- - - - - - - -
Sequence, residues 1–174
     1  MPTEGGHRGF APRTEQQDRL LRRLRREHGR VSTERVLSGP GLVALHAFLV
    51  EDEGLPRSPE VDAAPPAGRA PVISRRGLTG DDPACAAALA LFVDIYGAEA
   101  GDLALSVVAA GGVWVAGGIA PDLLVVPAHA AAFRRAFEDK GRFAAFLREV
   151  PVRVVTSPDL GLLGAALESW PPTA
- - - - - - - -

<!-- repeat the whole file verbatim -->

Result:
Sequence, residues 1–174
     1  MPTEGGHRGF APRTEQQDRL LRRLRREHGR VSTERVLSGP GLVALHAFLV
    51  EDEGLPRSPE VDAAPPAGRA PVISRRGLTG DDPACAAALA LFVDIYGAEA
   101  GDLALSVVAA GGVWVAGGIA PDLLVVPAHA AAFRRAFEDK GRFAAFLREV
   151  PVRVVTSPDL GLLGAALESW PPTA